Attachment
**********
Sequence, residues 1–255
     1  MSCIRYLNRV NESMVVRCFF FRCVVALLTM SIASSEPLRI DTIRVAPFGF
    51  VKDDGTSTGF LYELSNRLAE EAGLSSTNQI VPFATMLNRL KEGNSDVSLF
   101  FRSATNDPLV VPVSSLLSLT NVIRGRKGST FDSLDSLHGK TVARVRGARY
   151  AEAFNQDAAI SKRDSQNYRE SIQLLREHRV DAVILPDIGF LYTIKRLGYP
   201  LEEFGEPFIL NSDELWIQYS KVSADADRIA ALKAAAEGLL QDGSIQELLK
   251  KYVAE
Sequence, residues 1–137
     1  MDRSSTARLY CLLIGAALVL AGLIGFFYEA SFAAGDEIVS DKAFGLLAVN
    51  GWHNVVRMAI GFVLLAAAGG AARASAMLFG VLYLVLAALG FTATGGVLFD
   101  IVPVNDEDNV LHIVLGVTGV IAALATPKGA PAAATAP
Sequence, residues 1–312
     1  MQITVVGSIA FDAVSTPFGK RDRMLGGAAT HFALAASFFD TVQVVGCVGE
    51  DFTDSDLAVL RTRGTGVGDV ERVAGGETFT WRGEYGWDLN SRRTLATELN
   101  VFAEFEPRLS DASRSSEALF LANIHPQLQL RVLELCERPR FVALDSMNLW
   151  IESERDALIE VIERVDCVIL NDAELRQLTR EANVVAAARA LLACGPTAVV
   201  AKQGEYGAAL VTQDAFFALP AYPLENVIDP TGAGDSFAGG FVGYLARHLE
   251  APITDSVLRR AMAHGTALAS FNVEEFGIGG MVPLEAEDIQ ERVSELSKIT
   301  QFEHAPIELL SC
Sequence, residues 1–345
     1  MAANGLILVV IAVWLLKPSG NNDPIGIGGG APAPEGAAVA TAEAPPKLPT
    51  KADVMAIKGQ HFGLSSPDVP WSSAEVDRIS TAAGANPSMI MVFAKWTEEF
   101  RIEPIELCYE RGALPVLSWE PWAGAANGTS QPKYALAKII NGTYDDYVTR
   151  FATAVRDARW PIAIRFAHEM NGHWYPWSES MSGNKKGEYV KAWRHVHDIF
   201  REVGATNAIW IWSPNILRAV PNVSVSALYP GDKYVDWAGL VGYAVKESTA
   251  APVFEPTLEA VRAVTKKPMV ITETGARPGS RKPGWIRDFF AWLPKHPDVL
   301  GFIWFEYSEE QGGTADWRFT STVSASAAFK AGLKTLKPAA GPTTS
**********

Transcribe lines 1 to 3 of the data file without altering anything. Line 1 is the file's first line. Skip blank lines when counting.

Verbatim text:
Sequence, residues 1–255
     1  MSCIRYLNRV NESMVVRCFF FRCVVALLTM SIASSEPLRI DTIRVAPFGF
    51  VKDDGTSTGF LYELSNRLAE EAGLSSTNQI VPFATMLNRL KEGNSDVSLF